And the consequence of that is that, if you look at the data, subsequent to 2002 we were getting a M2…however, I think money supply by any measure was very stable during that period. I just find it very nonconceivable that the overnight rate in that sort of environment can capitalize 20-year to 30-year assets. It's got have…the capitalization rate has got to be fixed at the same maturity that the life of the asset is. Now the notion of this pumping of liquidity in is a very fine analogy, but the channels are never defined sufficiently. You can't just jump and say, "It's therefore…"—and I find the word "therefore" is utterly inappropriate— and if you look at the correlations (and I suggest to those of you who are interested in refuting my argument, please go to the June publication at Brookings, it's the Brookings Panel on Economic Activity, and if the argument is wrong, I'd very much like to hear it because I'll change my point of view). But let me just say this: With respect to the period, Milton Friedman said, this is in January 2006, "There is no other period of comparable length in which the Federal Reserve system has performed so well. It is more than a difference of degree; it approaches a difference of kind."
Now, being that Milton Friedman was the most severe critic of the Federal Reserve up to that point, I do think that sometimes, his viewpoints ought to be considered in this particular case, and I'm surprised that—I don't know whether or not you're quoting Allan correctly, frankly—but if he said that, and I don't like to quote people, especially when they're here—but all I can say is that if that's the case, Allan, both Milton and I disagree with you.
Bernanke: I have great respect for Allan and particularly his magisterial work on the history of the Federal Reserve, but Chairman Greenspan reminded me of something I think will be provocative, because Allan Meltzer wrote an editorial recently, an op ed, saying that Milton Friedman wouldn't approve of the Federal Reserve's behavior. I grasp the mantle of Milton Friedman. I think we are doing everything Milton Friedman would have us do. Besides the stability of the period that Chairman Greenspan just referred to, I think what Milton Friedman would say is that the Federal Reserve is responsible for the stability of nominal aggregates, including prices. And that means that, in particular with respect to inflation, that you don't want inflation to be too high, but you also don't want it to be too low. And as someone mentioned earlier, based on what we knew, given the data in 2003, the downside risk was greater than the upside risk. And we adjusted appropriately, and we did so in a way that did not lead to long-term inflation, and achieved quite a bit of stability of the monetary aggregates and of inflation. Likewise, in the more recent period, our objective has been, among other things, to try to keep inflation neither too high nor too low. If you look at what's happened to key nominal aggregates, like nominal GDP growth or broad money aggregates, they're all saying that we need to do more. Because nominal GDP has been growing very, very slowly for the last 2 or 3 years. Broad money aggregate's been growing very, very slowly. So, even from a strictly monetarist's perspective, we need to do more.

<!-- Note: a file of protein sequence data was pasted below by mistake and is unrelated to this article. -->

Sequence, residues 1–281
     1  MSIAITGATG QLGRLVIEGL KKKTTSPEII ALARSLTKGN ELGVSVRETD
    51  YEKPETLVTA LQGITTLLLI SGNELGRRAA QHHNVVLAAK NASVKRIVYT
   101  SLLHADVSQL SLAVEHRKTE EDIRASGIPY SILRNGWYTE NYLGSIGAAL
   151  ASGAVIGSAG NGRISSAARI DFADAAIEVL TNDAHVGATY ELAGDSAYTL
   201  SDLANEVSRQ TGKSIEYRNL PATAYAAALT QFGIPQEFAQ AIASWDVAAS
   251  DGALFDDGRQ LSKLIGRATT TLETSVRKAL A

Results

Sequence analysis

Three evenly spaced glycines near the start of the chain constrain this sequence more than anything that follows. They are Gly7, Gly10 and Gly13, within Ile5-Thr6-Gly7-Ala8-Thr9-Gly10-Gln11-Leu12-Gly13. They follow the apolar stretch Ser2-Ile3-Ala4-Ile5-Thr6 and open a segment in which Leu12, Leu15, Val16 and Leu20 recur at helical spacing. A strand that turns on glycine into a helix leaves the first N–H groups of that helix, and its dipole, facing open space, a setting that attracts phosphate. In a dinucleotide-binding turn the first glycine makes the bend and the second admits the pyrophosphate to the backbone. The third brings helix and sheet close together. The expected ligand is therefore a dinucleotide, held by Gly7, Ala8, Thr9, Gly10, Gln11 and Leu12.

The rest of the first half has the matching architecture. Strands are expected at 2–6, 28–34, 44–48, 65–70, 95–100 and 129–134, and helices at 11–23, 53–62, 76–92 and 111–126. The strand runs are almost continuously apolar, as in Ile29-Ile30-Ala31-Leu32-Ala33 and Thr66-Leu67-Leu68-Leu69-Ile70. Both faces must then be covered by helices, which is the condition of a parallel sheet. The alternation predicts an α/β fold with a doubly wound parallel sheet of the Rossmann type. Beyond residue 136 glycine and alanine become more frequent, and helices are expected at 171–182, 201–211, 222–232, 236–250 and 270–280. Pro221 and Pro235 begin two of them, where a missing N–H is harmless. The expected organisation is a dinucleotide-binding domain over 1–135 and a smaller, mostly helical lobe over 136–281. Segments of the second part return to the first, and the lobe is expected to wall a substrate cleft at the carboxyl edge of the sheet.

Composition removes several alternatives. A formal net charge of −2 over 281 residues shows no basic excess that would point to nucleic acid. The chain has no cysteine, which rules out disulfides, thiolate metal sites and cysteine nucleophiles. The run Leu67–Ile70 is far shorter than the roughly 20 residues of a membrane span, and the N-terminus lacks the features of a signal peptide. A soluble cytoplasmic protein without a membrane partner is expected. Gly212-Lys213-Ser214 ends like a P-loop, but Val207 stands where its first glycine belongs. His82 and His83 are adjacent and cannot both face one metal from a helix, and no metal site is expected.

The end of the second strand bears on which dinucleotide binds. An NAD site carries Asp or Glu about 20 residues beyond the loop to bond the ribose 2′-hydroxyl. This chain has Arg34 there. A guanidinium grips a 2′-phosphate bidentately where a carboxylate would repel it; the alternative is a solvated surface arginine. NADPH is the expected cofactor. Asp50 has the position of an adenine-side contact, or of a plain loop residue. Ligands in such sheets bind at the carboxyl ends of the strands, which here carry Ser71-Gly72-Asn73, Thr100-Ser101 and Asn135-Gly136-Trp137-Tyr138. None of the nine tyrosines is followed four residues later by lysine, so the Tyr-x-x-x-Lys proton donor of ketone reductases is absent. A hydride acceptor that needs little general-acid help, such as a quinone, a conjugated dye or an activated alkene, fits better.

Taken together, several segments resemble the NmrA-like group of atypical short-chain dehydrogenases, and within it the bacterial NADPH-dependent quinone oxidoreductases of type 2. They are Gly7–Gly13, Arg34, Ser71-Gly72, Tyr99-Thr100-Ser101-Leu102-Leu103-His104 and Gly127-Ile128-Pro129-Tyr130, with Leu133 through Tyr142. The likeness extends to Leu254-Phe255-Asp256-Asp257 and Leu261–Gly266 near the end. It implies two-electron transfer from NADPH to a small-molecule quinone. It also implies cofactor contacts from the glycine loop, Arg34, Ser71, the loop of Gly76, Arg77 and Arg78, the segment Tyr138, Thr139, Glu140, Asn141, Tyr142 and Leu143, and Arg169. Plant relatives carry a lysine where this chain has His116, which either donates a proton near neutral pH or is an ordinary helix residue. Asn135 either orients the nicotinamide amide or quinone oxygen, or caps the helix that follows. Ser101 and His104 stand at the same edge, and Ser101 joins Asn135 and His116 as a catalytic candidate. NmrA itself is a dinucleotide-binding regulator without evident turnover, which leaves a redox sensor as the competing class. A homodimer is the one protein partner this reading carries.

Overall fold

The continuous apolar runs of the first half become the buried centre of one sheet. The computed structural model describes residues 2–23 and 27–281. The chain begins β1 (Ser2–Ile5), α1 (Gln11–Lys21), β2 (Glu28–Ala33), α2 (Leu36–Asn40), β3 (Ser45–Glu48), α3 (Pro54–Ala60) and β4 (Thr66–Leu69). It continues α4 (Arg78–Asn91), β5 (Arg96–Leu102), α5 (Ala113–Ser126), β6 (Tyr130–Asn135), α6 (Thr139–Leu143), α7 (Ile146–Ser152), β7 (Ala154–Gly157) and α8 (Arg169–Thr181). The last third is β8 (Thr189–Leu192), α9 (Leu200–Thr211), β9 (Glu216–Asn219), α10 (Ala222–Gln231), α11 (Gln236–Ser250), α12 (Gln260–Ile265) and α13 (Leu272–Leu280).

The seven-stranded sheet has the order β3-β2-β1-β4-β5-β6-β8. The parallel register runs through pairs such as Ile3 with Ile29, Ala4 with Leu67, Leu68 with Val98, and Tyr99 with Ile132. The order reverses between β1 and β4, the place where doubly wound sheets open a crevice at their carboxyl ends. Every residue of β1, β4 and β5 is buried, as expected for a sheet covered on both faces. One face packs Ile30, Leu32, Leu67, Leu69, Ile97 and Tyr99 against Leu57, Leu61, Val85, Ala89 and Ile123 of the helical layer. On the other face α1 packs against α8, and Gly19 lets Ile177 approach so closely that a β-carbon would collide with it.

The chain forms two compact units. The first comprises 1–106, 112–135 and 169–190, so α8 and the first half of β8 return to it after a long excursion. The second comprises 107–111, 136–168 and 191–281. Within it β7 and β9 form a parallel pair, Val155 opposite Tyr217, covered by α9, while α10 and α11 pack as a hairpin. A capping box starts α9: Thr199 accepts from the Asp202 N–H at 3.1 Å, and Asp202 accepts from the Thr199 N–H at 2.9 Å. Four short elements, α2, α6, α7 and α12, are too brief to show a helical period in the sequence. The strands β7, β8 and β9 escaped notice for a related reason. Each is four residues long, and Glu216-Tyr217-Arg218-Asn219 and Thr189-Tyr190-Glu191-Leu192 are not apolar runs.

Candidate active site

So, I just disagree. We have…the issue in the long term for the central bank, of course, is inflation. There are many other issues that the fiscal authorities and so on have to deal with, but as I said at the very beginning, we are committed to both parts of our mandate. We are confident we have the tools to manage our balance sheet in a way that will allow us to achieve price stability in the longer term. But what we are trying to achieve now, which is entirely consistent with monetary theory and practice, is stability of inflation and stability of monetary policy within an extraordinary circumstance, an extraordinary context. So I think we're considering both the long term and the short term.
Moderator: Mr. Corrigan, you have the last word on the panel.
Corrigan: My last word is simply that note that I distributed here. I talk a lot about the culture of the Federal Reserve. And I do think that, especially in these trying times, we should recognize, even for our critical friends in the academic community, that the culture of the Federal Reserve is strong, it's been that way for a long time, and I think it will continue to be that way at the end of the day. The maintenance of that culture, including the feature of collegiality that I've spoken about, that I think at the end of the day is the name of the game, and to the extent that culture is preserved, I think that will just reinforce the capacity of Ben and his colleagues to cope with this incredible agenda and challenges that they're facing right now, and the same will apply to his successors down the road.That's my parting thought.
Moderator: That's fantastic.
Greenspan: All I can say is, "Hear, hear."
Moderator: Thank you very much; this has been a fascinating panel. Thanks again to the Federal Reserve Bank of Atlanta for getting us here.